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The Spanish government officially opposes Super League proposal—report

The Spanish government has reportedly back UEFA

Espanyol v Real Madrid - La Liga Santander Photo by David S. Bustamante/Soccrates/Getty Images

The Spanish government has officially motioned its opposition to the Super League proposal, according to COPE (via MARCA).

The report claims that the lawyer for the state of Spain has sent a list of allegations opposing the Super League to UEFA on Tuesday. The Spanish government reportedly supports UEFA in its fight and litigation against the proposed project with the European Court of Justice.

The government reportedly agrees that results, and not club size or stature, should determine qualification and participation within European competition. Despite this, two Spanish clubs (Real Madrid and Barcelona) and Juventus remain involved.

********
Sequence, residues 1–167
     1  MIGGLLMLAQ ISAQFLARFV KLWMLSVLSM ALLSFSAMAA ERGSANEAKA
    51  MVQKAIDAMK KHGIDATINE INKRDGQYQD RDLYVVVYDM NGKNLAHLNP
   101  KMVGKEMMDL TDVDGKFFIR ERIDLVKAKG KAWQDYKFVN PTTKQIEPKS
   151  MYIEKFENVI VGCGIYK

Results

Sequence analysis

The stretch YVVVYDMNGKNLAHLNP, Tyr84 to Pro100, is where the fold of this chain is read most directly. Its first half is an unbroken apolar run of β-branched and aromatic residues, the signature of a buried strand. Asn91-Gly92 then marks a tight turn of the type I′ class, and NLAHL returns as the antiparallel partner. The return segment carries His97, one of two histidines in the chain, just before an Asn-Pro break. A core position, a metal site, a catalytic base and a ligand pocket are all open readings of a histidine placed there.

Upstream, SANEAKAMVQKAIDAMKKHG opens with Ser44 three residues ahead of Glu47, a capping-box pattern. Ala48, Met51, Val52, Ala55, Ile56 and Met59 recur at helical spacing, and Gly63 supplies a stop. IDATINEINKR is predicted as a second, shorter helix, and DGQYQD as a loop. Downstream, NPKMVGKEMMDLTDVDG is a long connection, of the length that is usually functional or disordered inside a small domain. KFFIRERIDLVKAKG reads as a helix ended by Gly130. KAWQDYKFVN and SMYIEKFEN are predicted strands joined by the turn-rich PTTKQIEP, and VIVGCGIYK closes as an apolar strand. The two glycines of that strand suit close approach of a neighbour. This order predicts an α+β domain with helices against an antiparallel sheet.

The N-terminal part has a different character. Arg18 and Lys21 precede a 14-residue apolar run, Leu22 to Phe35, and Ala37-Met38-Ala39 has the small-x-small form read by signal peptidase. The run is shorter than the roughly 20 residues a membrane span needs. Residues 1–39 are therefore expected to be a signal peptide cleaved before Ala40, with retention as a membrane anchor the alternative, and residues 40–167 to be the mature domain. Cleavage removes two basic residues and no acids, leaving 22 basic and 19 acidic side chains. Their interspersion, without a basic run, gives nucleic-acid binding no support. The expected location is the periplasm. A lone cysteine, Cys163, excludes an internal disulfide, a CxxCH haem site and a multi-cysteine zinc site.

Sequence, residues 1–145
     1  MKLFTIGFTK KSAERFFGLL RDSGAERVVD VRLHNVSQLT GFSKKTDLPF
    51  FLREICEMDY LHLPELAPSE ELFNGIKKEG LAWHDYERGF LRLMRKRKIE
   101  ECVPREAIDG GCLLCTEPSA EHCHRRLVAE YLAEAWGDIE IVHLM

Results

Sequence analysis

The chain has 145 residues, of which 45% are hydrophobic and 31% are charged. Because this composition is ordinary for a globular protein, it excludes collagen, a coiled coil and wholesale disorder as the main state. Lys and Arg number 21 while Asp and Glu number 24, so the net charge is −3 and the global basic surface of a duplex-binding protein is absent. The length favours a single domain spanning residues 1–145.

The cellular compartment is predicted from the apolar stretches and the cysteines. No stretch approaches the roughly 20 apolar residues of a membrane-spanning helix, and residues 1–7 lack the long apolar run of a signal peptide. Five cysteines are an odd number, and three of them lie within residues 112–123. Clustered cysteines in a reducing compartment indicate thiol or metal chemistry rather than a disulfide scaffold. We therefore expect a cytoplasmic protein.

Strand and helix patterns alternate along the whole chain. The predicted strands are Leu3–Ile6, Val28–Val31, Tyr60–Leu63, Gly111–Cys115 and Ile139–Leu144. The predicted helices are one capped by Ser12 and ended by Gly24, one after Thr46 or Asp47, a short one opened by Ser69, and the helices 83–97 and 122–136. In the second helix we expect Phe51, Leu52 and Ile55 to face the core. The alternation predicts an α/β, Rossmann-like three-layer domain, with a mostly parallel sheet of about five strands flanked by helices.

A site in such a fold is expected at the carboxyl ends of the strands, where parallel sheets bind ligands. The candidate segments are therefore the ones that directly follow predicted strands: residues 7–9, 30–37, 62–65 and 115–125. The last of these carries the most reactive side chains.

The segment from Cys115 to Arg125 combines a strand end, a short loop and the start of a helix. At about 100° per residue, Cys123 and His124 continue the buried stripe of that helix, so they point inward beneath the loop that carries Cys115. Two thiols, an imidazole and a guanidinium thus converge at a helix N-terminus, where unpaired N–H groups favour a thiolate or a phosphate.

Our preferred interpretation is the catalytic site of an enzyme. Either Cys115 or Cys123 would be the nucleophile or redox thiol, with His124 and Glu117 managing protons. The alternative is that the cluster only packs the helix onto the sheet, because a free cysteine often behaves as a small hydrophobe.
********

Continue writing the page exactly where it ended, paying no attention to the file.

The former Spanish minister of Culture and Sport Jose Manuel Rodriguez Uribes, who preceded Miquel Iceta, had already made his feelings about the Super League known over the summer.

“I was very concerned about the sanctions of UEFA, which could affect the players, who could not play in the Spanish national team. It breaks the model of sport, of open competitive football based on merit, that the big and the small can face each other and that the small can win from time to time.”

UEFA continues to hold their case with the European Court of Justice over the issues raised with the Super League. Several countries alongside Spain have voiced opposition to the project and back UEFA’s legal battle.

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